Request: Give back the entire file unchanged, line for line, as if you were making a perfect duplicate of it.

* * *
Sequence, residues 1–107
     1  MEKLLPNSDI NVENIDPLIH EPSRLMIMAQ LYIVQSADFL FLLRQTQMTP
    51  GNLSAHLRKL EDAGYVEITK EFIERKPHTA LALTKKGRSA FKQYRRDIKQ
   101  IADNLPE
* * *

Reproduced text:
Sequence, residues 1–107
     1  MEKLLPNSDI NVENIDPLIH EPSRLMIMAQ LYIVQSADFL FLLRQTQMTP
    51  GNLSAHLRKL EDAGYVEITK EFIERKPHTA LALTKKGRSA FKQYRRDIKQ
   101  IADNLPE